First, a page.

Women of Achievement
for a woman who solved a glaring problem despite
widespread inertia, apathy or ignorance around her:
When JoeAnn Ballard was a little girl in Mississippi, her father read her the biography of Florence Nightingale, a young English woman who, against her family’s wishes, became a nurse to help others. Fascinated by this story, JoeAnn decided that her mission in life was to serve the poor. Decades later she continues to fulfill that mission through her work as executive director of the Neighborhood Christian Centers, which started in 1978 with one small location. The Neighborhood Christian Centers now consist of five local centers plus affiliates in other states. More than 15,000 people are helped each year.
JoeAnn was born in Mississippi into a poverty-stricken family. When she was an infant, she and two siblings were left with their great aunt and uncle, who provided a home filled with love. That home was opened to many foster children, an example that JoeAnn would follow. As JoeAnn grew up, she remained determined to battle poverty; she just wasn’t sure how. During an assembly program in her first year of college, she heard a couple talk about Christ and knew that she had to become a Christian. She applied to Nazarene Bible College in West Virginia. Upon her arrival JoeAnn found that she was the only woman in a large group of men, but was determined to stick it out. Upon graduation she came to Memphis to reopen a church. That fall a child in Sunday school came to her and said she needed a sweater. JoeAnn bought the sweater and began her mission with the poor.
The following year she met and married Monroe Ballard. Over the past 30 years, they have been foster parents to more than 75 children while raising three of their own.
The Neighborhood Christian Centers started with $15,000 from Second Presbyterian Church. At first, JoeAnn was the only employee. Under her leadership, the center became the largest Christian social service agency in the state. “I don’t know who has done more than JoeAnn Ballard for the poorest of the poor,” said Larry Lloyd, president of the Hope Christian Community Foundation. “She is a deeply faithful woman.”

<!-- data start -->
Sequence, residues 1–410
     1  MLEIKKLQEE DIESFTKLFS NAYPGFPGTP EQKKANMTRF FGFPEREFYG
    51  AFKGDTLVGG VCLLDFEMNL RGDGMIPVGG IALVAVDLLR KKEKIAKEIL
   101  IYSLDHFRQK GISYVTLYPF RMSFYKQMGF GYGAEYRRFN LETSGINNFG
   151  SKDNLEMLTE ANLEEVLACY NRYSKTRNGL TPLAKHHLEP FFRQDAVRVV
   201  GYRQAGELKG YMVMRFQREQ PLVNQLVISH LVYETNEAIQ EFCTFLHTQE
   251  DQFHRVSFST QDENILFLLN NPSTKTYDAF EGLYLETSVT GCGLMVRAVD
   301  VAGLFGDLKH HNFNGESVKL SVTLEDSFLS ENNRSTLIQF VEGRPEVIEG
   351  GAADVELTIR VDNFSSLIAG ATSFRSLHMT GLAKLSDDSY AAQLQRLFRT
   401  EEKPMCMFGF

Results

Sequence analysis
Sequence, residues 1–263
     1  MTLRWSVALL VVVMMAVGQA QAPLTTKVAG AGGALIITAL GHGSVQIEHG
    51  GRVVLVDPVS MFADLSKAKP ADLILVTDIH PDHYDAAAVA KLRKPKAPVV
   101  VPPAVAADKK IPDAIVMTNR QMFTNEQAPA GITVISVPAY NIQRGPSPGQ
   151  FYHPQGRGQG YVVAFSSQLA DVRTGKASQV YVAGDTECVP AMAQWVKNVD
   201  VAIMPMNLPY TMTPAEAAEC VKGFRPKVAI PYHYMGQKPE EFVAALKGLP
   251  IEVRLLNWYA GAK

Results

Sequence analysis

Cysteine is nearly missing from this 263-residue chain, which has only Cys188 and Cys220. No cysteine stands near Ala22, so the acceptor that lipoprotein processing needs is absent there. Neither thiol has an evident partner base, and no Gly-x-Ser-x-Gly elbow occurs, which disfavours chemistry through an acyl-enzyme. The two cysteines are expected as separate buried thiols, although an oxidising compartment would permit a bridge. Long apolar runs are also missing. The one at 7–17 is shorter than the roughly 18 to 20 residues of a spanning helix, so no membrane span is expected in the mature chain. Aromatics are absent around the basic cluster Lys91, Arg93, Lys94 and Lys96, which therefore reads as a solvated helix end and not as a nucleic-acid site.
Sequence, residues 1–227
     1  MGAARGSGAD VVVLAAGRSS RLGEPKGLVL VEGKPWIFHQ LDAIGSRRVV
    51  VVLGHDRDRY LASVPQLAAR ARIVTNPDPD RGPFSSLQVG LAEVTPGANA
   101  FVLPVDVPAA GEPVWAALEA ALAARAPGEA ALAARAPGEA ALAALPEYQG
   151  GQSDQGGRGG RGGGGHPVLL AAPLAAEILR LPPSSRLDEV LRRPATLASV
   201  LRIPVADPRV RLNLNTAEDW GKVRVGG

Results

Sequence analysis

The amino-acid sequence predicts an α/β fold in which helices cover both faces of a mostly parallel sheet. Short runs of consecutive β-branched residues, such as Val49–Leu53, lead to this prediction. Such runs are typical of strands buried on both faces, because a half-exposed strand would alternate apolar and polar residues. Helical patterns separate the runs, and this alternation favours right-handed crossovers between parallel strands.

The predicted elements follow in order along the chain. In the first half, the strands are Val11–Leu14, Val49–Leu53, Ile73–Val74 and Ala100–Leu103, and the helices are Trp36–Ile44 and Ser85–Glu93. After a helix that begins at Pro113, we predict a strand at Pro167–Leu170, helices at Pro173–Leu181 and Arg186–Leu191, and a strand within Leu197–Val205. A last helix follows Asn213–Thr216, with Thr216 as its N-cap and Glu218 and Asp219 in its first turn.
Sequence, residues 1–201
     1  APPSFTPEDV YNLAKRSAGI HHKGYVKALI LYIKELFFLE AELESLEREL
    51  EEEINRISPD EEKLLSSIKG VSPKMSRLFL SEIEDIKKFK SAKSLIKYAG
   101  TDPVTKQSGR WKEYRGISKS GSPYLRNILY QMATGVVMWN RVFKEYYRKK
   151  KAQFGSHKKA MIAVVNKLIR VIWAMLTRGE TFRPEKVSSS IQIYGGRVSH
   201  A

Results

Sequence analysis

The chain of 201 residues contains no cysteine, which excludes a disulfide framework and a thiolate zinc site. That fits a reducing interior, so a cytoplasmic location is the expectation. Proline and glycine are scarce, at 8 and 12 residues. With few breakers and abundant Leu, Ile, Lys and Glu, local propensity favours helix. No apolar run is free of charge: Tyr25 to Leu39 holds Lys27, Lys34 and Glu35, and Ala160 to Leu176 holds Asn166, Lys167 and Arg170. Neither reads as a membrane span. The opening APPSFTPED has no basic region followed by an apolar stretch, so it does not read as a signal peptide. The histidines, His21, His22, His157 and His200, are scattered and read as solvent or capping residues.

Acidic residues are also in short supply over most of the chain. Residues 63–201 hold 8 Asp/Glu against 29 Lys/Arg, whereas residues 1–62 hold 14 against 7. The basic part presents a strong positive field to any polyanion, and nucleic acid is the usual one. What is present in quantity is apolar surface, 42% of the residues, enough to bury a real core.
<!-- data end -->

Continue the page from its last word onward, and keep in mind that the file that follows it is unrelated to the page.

The center’s services include tutoring, college assistance, adult education, job training, legal and financial counseling, clothing closets and food distribution. JoeAnn tries to make sure everyone who comes in contact with the ministry is served one at a time, accomplished only with the faithful help of 40 paid staff and many volunteers. The center’s budget is funded through churches, foundations and individuals. There is no government assistance. JoeAnn says, “Our aim is not to eradicate poverty. Our aim is to help people who are poor and to spread the gospel.” How has JoeAnn made such an impact? She says, “We try to feel a person’s pain and meet that person’s need.”
JoeAnn Ballard’s determination rescues children and families from the damaging cycle of poverty. JoeAnn Ballard’s determination saves lives.
JoeAnn Ballard’s daughter Ephie took control over the Neighborhood Christian Centers in 2008.